Louise: My Surgeon Refused to Even See Me

Editor: Louise had to fight her surgeon to get the single mastectomy she wanted, instead of the lumpectomy her surgeon wanted. She suffered a serious complication, a persistent seroma, which affected her aesthetic result. Later, when she inquired of her surgeon about revision, instead of referring her to a plastic surgeon… he simply refused to see her. Louise was crushed because she was so unhappy with her aesthetic result and was now, essentially, being told there was nothing to do about it. Then she came across NotPuttingonaShirt.org and realized that she deserved better. Louise is currently awaiting her revision surgery with a new doctor.


I had a single mastectomy in 2018. I knew I didn’t want reconstruction but had fought so hard with my surgeon who wanted to do a lumpectomy, I didn’t have the strength to argue any more. I was just grateful he had, in the end, agreed.

When I woke I was horrified with what I could see. I wasn’t flat at all, in fact I was almost the same size as I had been. It turned out to be a huge seroma which, so I’m told, stretched the skin so much and with radiotherapy following, was never going to lie flat. It is a mess, even 2 years later.

Louise suffered a severe and persistent post-operative seroma at the mastectomy site.
Louise’s result after the seroma healed and post-radiation therapy.

Recently I enquired of the same surgeon what options I had for further surgery. Without seeing me, he has refused to do anything. Disappointed is putting it mildly.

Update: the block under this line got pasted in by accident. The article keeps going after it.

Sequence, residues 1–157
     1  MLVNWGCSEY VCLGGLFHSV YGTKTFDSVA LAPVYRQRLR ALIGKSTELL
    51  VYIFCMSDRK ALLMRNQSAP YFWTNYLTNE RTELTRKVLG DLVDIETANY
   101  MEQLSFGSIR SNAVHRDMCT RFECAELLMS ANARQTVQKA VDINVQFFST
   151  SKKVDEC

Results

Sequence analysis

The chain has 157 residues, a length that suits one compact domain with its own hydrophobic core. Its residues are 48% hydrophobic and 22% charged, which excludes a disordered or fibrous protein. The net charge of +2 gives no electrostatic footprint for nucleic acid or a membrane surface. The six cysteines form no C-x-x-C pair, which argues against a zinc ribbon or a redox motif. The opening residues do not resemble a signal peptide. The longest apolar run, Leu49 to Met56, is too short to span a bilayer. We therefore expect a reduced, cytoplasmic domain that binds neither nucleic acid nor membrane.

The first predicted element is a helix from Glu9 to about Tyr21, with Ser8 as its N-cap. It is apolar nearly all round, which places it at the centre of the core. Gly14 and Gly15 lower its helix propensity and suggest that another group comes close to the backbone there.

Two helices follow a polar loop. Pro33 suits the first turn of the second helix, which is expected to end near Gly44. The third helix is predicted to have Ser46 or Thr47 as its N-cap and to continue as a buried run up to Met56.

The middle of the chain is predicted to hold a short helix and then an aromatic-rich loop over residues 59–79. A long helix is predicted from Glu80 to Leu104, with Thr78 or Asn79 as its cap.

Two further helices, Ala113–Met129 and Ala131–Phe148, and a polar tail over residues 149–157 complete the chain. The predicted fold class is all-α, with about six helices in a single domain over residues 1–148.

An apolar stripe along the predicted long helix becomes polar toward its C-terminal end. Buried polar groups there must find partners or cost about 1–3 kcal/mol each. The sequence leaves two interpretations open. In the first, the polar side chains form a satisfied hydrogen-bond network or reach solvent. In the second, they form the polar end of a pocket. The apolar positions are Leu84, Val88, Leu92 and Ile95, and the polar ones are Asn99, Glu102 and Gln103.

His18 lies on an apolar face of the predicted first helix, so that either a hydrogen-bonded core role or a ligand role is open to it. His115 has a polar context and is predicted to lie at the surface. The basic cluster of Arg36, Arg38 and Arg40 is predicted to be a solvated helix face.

I then found NPOAS and cried! I had no idea my mess could be sorted, or that I could ask for a second mastectomy[sic] for symmetry. I sought recommendations of other surgeons at the same hospital, and was lucky to have an appointment very quickly. I haven’t had to fight, beg or seek counselling. I was listened to with compassion and understanding. My options for revision and symmetry were discussed, it was a 2 way conversation. She – I decided a woman maybe be more sympathetic to my request – agreed she would perform the surgery. I signed the consent forms and I am waiting for a date for surgery.

“I haven’t had to fight, beg or seek counselling. I was listened to with compassion and understanding.”

I am so grateful to the ladies on NPOAS for sharing their stories, and to Kim for giving me the confidence to seek another opinion.


A note on mastectomy vs. lumpectony: While it’s often true that mastectomy does not provide additional survival benefit to the patient… survival is not the only endpoint that matters. Many women choose mastectomy over lumpectomy not only for the somewhat nebulous “peace of mind,” but to reduce their risk of local recurrence (albeit a typically small reduction), which could mean additional surgery/radiation/chemotherapy in addition to the psychological trauma of a second diagnosis. This is why shared decision making (SDM) is so critical. Listen to Dr. Ted James, head of Breast Surgical Oncology at Beth Israel Deaconess in Boston, on SDM:

“Survival is not the only endpoint of significance… if we inform the patients, if we engage in a process of shared decision-making and then support them in a decision that’s really tailored for their preferences and priorities, that is ideal,” said James. “As long as that process is being adhered to, I think the right things are being done for the patient.”

Dr. Ted James (BIDMC) Forbes

Disclaimer: Any and all information published by Not Putting on a Shirt (NPOAS) on behalf of a third party is for informational purposes only and should not be taken as a substitute for medical or legal advice from a licensed professional. Views expressed and claims made by third parties do not necessarily represent the views of NPOAS.


Published by Not Putting on a Shirt

Founder of Not Putting on a Shirt, a mastectomy patients' rights organization that advocates for optimal surgical outcomes for patients going flat.

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